What are Real Image and Virtual Image Definition with Examples

What are Real Image and Virtual Image: Definition with Examples

The image of an object is the visual reconstruction when placed in front of a mirror or self-reflecting surface. The image is formed when light propagating from a source reflects the object and casts its reflected visual on a surface or a mirror. It is to be noted that certain reflective laws are responsible for the formation of the image. 

The meeting of the light rays from the source creates the reflected or refracted image. These are also known as real and virtual images in physics terminology. We shall further discuss the comparison of real images and virtual images with their application as we progress. For now, let us dive deep into this subject and discuss with examples to have a clear understanding.

What do you mean by Real Images?

Real images are the type of images formed due to the convergence of light rays from a source towards a point reflected or refracted by a surface or mirror. These images are formed at the point where the interaction of the lights with each other takes place. They are always inverted in nature and are visible on the screen or the surface.

Let us assume that an object is placed in front of a mirror (concave). And a light source hits the object and gets reflected towards the surface of the mirror. Similarly, when multiple light sources hit the object and reflect from the mirror, the image gets reflected. 

Let us again assume that an object is placed in front of a concave mirror or a lens. Also, let us suppose that the light gets reflected from the object at observation and touches the concave mirror surface. Also, when multiple light sources touch the concave mirror, these rays touches at one point in front of the mirror after getting reflected from the mirror.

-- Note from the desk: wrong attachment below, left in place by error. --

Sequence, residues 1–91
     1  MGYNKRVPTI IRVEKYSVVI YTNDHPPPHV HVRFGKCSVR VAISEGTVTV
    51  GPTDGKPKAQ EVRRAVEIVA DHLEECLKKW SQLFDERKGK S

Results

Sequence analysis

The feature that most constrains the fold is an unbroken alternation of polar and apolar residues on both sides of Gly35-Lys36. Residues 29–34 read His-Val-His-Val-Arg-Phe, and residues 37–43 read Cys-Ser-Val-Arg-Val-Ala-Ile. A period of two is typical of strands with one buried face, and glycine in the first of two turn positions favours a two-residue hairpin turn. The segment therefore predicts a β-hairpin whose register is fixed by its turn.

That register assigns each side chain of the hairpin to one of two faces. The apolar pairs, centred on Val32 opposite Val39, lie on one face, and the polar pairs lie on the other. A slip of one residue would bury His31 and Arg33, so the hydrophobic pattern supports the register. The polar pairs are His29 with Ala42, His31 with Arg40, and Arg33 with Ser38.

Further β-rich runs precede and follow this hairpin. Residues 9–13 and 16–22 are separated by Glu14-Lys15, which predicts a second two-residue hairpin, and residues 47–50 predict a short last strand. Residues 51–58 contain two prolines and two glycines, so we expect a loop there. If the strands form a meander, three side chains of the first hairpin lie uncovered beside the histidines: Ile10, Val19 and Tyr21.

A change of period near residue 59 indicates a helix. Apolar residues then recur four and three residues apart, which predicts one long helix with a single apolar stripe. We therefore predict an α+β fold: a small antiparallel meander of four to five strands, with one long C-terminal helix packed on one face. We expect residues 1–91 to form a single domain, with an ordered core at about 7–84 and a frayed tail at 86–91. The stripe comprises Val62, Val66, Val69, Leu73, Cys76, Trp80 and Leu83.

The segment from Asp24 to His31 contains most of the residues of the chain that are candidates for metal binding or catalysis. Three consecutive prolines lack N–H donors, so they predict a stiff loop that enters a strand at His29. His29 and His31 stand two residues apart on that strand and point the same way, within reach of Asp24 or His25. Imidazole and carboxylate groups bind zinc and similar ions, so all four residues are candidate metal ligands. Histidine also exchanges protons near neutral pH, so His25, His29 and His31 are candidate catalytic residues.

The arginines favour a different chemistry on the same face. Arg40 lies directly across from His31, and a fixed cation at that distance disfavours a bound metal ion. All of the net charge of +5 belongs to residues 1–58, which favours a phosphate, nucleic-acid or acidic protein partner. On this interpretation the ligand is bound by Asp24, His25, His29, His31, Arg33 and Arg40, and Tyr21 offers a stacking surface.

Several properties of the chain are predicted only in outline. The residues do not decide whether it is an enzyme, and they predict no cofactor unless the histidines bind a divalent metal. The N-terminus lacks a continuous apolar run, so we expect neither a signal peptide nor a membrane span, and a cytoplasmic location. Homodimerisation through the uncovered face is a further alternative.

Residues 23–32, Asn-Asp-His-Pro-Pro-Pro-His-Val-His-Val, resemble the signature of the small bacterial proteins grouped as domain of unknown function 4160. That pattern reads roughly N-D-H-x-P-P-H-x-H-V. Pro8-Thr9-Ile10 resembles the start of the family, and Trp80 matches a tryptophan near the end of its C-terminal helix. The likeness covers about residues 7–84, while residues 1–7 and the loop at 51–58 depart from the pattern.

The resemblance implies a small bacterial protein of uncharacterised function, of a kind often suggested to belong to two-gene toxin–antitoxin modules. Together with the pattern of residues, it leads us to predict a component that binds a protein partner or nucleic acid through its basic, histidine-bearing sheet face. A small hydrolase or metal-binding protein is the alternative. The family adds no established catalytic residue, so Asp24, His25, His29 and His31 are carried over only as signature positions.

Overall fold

It follows certain laws of reflection from physics, and thus the image is formed. The light rays get diverse from the focus area and move further from the focus point.

What do you mean by Virtual Images?

Virtual Images are the type of images that appears to be formed behind a mirror or a lens. The light rays from the object disperse after reflecting or getting refracted from the mirror’s surface or the lens. This appears like the lights rays are getting reflected from the mirror and look like the image diverging behind the lens or the concave mirror. According to the viewer, the image is formed behind the mirror. 

Although, this is not true and is the exact reason why virtual images are not seen on the mirror screen. For instance, the image formed in front of plane mirrors is an example of this type of virtual image. These images have definite shapes and structures similar to the object and can be easily viewed by any kind of optical instrument or even the naked eye.

Differences Between Virtual and Real Image?

Some of the key differences between real and virtual images are listed below –

  • Real Images have an inverted image due to their nature, while virtual images are the opposite, i.e. the images are erect.